Australia's Katie Kelly has celebrated paratriathlon's Paralympic debut in style, winning the inaugural PT5 gold in Rio.
Kelly, and guide Michellie Jones, were joined by Grace Norman (USA) and Allysa Seely (USA) at the top of the podium for their respective classifications.
After a race that saw the leaderboard change multiple times, it was Aussie Katie Kelly, alongside guide Michellie Jones who was able to hold onto the final leader position and claim the debut gold medal, continuing her undefeated career.
“I thought I couldn’t (slow down in the finish chute),” Kelly said when she realised she would become a Paralympic champion.
“I didn’t know what lead we had. I just do it for the kids in Australia living with a disability. I never imagined that I’d be here to win gold and it’s an honor to do it. Anyone with a disability can take a crack at something and do what they love, and that’s what I was doing out there."
“Katie was unbelievable out there,” Jones, the 2000 Olympic silver medallist, said.
“When I asked her to go harder, she went harder, most athletes wouldn’t have done it and that’s just testament to who she is. She’s so determined. I love her to death, there’s nothing better when you can get someone to do a little more. Coming down the finish chute she wanted to keep sprinting and I had to tell her to enjoy the moment."
The Netherlands’ Joleen Hakker got the day started with a 30-second advantage after tackling the ocean swim. However, despite the lead entering the first transition, as the women headed out onto the bike, a group of five all came into contention.
Hakker, Patrick, Reid, Kelly and Spain’s Susana Rodriguez Gacio started out the four-lap bike course all within 30 seconds of each other. After one lap, the battle only became hotter as all five women still were cycling as the front pack, but this time only 13 seconds separated the leader from fifth place.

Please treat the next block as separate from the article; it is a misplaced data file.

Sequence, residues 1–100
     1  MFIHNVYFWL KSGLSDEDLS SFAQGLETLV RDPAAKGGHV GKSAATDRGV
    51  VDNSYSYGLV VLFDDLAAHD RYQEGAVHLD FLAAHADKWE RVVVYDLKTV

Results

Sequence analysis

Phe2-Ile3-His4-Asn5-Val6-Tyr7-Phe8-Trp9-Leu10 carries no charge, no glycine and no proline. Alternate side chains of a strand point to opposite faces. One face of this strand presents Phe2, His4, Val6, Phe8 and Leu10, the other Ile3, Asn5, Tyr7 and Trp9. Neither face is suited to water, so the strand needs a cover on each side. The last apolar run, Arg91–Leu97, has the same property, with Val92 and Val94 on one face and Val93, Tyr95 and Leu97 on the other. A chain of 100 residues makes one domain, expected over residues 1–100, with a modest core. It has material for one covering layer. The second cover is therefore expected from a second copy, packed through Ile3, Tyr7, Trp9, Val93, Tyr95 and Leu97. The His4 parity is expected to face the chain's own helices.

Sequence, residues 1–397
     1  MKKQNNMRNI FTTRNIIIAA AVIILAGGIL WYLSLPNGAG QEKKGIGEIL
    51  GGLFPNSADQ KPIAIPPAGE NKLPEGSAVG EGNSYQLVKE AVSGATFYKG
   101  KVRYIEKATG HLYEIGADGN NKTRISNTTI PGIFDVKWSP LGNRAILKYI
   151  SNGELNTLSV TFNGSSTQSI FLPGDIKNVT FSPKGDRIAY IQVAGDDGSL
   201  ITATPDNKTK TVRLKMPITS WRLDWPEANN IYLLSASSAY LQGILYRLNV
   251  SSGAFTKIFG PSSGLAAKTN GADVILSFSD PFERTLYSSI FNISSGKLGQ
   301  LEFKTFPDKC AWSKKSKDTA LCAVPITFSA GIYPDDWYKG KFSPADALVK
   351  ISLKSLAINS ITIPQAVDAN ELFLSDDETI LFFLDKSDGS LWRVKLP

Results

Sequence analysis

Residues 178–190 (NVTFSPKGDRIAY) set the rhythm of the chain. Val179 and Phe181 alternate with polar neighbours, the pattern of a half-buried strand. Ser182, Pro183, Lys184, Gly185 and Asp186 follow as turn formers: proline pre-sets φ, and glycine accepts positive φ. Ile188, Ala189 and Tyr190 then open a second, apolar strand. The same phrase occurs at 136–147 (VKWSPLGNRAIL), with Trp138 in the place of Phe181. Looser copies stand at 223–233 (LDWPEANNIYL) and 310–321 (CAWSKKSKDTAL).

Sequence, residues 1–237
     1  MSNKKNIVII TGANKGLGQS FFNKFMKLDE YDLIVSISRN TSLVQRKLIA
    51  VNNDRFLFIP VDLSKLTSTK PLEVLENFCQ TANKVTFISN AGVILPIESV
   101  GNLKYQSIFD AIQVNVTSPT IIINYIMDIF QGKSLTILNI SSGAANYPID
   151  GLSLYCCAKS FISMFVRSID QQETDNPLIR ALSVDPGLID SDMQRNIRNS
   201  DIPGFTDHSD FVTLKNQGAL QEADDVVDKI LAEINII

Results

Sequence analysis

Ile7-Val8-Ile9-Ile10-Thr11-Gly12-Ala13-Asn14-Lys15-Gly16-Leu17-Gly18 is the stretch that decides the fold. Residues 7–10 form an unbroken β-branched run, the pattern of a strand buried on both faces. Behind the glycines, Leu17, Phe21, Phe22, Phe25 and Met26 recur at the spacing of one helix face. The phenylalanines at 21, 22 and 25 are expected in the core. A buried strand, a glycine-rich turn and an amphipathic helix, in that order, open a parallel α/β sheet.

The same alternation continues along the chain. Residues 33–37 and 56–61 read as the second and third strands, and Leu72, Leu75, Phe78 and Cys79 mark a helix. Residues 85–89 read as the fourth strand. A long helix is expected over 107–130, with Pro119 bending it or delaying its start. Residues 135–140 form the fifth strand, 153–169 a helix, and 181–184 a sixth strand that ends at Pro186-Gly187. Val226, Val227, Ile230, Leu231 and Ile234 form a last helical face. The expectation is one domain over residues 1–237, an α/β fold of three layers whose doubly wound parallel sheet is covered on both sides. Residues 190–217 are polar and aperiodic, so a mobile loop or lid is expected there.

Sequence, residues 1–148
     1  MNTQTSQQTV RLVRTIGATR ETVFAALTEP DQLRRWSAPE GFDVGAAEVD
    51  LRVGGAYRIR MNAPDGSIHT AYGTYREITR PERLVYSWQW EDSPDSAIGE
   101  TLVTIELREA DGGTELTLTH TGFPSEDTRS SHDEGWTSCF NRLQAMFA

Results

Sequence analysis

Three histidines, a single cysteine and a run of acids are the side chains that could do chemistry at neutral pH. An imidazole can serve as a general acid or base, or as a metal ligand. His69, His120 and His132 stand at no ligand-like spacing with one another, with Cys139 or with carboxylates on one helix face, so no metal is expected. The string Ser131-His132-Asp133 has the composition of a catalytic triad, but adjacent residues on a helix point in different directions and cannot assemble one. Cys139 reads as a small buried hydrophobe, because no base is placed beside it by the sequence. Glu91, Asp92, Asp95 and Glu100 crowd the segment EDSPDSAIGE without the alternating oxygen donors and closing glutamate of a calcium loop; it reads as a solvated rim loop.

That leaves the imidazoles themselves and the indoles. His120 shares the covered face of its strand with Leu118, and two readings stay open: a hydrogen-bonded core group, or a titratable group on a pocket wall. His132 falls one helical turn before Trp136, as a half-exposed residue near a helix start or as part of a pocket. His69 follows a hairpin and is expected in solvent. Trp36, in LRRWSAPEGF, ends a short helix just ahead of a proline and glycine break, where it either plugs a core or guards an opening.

Not until the midway point on the bike did the podium start to form. Brits Reid and Patrick pulled away slightly to ride as the top two, but Kelly was only seconds behind in third with no signs of backing down.
It was then on the third lap that Kelly made a move to push ahead of the Brits and into first. From there, she continued to forge ahead of the field, entering the second transition with a 10-second lead over Reid, who had advanced 20 seconds ahead of compatriot Patrick.
Onto the run, Kelly never let up, running clear of the competition to win the final gold medal of offer for the day. Behind her, Patrick also stretched out her lead over the remaining competitors to run over for silver.
With an incredible bike and run, the USA’s Elizabeth Baker had made up more than a minute deficit from the swim to get into third position on the run. With 200 metres left to go, it looked like bronze was hers, as she had passed Reid on the two-lap run. However, a late surge from Patrick put pressure on Baker to speed up. Entering the finish chute nearly neck and neck, Baker suffered a fall with 50 metres to go, which meant Reid had the chance to run by her for the bronze. Baker picked herself up and walked across the line for fourth.
The day started with American Norman being awarded the first women’s Paralympic gold medal after a back and forth battle on the course finally ended in her favour.